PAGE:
For those unfamiliar with the term, Eurovision, simply put, is the world’s largest live music contest. For a more realistic description, it is the marmite of Europe, dividing people by their love or hate of it; it is like X Factor on drugs, spanning most European countries and, randomly, Israel and Australia; it is wonderfully unique, defined by its glittery glamour, fake pianos on fire, epic sax guys, giant hamster wheels, polish milkmaids, Russian grannies, massive costumes, incredible dancing, some truly awful songs, and (for British audiences) the voice of Graham Norton lovingly mocking the entire event. Forbes describes Eurovision as “an annual tradition that consumes the region in an enthusiastic fervour culminating in a high-energy musical extravaganza so utterly bizarre in nature that it leaves the rest of the world scratching its head.” For those still confused, look up the video ‘Love Love Peace Peace’ for the 2016 Swedish hosts summing up Eurovision in the most Eurovision-y way possible.
In under two months I envision happy people excited for an evening of high-spirited shenanigans at loud parties with even louder singing. This vision isn’t just for the students of post-exam St Andrews — the whole of the UK is going to have one hell of a party, so you’d better start preing (I’d recommend watching the recent film ‘Eurovision Song Contest: The Story of Fire Saga’ for a taste of what the contest is about). May 13th is the date for the diaries of the grand final when the UK is going to host this iconic event, the first time since 1998. The contest will be hosted in Liverpool Arena (sadly for Scots, Glasgow was eventually runner up to hosting). Alesha Dixon, Hannah Waddingham, and Ukrainian singer Julia Sanina will host, with Graham Norton jumping in for the final.
Traditionally, the winning country hosts the contest the consecutive year. However, the UK did not win Eurovision 2022— the UK’s Sam Ryder came second to Ukraine’s Kalush Orchestra with their song ‘Stefania’. Unfortunately, Ukraine was deemed unable to host due to the Russian invasion. Perhaps encouraged by Europe’s solidarity with Ukraine, the slogan for the contest is ‘United by Music’. It can be questioned, however, does Eurovision actually unite people?
Eurovision must be the most politically ‘unpolitical’ event ever: TV screens show glitzed up superfans waving massive flags, the most patriotic some people will ever be, and the Jury undisputedly vote for countries they wish to keep in good terms with, such as neighbours Sweden and Norway, or Greece and Cyprus. Other countries have more unfriendly relationships that are reflected in the contest such as Russia and Ukraine, especially after Russia annexed Crimea from Ukraine in 2014. In 2016, Ukraine won the contest with Jamala’s song ‘1944’. This was controversial as the song was about the deportation of the Crimean Tatars by the Soviet Union, despite political statements not generally being allowed in the contest. Last year, Russia was banned from Eurovision after they invaded Ukraine. There have been other political disagreements, such as some contenders showing Palestinian flags when Israel hosted in 2019, amongst the Israeli–Palestinian conflict. Is this contest uniting or further dividing countries?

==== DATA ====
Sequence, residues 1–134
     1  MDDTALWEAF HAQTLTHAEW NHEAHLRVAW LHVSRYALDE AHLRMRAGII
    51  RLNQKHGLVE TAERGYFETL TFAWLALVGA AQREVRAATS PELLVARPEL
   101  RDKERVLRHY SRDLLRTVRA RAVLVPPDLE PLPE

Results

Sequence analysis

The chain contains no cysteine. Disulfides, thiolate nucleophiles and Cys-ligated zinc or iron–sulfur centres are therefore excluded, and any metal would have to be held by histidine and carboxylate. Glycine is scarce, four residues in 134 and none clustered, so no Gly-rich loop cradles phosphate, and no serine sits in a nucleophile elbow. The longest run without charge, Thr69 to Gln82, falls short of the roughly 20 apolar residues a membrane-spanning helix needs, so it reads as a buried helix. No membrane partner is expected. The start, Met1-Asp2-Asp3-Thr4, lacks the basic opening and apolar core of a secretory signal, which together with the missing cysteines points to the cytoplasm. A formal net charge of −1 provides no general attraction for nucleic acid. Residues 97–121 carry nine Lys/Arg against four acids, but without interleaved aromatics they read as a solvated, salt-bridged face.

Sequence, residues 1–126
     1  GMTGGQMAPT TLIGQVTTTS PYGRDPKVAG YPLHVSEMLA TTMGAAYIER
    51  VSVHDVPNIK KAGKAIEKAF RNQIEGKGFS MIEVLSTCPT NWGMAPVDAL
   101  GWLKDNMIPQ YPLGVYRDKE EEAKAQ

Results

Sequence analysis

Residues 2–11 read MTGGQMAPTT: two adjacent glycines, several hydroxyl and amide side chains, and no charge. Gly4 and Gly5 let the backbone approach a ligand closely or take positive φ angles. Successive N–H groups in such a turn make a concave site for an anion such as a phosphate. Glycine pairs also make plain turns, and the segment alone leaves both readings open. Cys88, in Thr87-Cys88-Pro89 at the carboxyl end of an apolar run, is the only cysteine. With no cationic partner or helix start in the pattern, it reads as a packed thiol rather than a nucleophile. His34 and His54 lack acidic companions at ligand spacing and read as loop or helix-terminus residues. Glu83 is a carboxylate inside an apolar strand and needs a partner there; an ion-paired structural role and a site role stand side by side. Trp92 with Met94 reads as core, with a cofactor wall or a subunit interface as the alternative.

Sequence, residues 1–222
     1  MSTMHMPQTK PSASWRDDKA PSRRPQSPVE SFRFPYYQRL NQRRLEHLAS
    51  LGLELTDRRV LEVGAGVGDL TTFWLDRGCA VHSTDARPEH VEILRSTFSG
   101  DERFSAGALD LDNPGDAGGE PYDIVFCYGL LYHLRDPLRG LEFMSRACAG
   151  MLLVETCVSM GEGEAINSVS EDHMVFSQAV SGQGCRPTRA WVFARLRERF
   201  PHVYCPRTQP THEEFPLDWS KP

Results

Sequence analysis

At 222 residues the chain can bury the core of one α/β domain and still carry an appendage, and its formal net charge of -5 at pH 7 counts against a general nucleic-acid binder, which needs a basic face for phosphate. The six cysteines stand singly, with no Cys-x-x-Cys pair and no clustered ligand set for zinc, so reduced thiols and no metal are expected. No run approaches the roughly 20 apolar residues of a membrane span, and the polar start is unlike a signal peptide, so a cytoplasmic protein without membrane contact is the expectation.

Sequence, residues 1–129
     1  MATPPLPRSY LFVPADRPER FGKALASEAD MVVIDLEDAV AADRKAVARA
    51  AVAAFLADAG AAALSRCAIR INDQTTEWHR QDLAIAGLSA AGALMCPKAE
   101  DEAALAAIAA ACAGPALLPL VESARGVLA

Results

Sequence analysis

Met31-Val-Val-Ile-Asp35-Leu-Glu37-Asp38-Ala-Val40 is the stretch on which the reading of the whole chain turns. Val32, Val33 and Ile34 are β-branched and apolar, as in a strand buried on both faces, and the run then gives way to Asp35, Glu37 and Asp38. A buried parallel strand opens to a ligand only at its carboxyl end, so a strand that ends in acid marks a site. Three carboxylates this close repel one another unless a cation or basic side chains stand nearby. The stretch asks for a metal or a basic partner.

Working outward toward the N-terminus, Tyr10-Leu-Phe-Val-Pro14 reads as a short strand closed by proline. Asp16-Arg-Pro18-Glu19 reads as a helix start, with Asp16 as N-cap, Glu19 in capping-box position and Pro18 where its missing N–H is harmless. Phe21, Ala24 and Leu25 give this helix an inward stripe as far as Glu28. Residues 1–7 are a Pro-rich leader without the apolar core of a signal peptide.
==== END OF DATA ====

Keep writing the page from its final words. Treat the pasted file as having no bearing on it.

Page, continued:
I’d argue that, overall, Eurovision brings people together. The contest was first created to unite and enhance relations between European countries in the period after the Second World War through their mutual love of music. Eurovision is about so much more than just music; it is a community. It brings countries and people together year after year in a glorious show of togetherness. Last year I dragged my flatmates to a random Irish pub a 20-minute walk outside Florence just so we could watch the contest on a TV screen, and lo and behold we met an eclectic mix of Europeans to bond and fangirl with. Cultures are woven together whilst remaining wonderfully independent; on the televised final, pre-song postcards are shown depicting the cities and cultures of the performers or host’s country.
Besides this, the music slaps. Many mock some performances being classed as music, but I’d be impressed if you can manage to get through cult classics like Conchita Wurst’s ‘Rise like a Phoenix’ (Austria 2014), or the iconic ‘Dancing Lasha Tumbai’ (Ukraine 2007) without a smile or foot tap. Many forget Eurovision’s impact on music — it has hosted the beginnings of some of the best of mainstream music; ABBA, Celine Dion, Måneskin, and Olivia Newton John, whilst songs such as ‘Snap’ (Rosa Linn, Armenia, 2022) and ‘Arcade’ (Duncan Laurence, The Netherlands, 2019) have gone viral on TikTok.
The music itself is a melting pot of every genre possible; rock, pop, indie folk, electronic, and some songs that can only be described as the ‘eurovisiony’ genre, as well as a mix of languages— some countries sing in their home language, such as Salvador Sobral’s winning song ‘Amar Pelos Dois’ (Portugal, 2017). Eurovision also stands with the LGBTQ+ community, which is a large fan base for the contest, and many openly gay or trans singers have competed. Some conservative countries are critical of this LGBTQ+ visibility but Eurovision remains openly welcoming; differences are celebrated, love is loved, humour is everything, and there are quite often some banger songs.
So sure, Eurovision can be political, but this isn’t necessarily bad; showing support for a country by voting for them on a music contest can be a simple show of solidarity. Eurovision at the end of the day is just about boosting each other up.
The true spirit of Eurovision is summed up for me when in 2021 the UK’s James Newman scored, not uncommonly, a spectacular ‘nul points’, and, to the crowds’ supportive cheers, swigged his beer victoriously.
St Andrews revision week in the library? Sounds like an excuse to listen to 2023’s Eurovision entries whilst ‘revising’…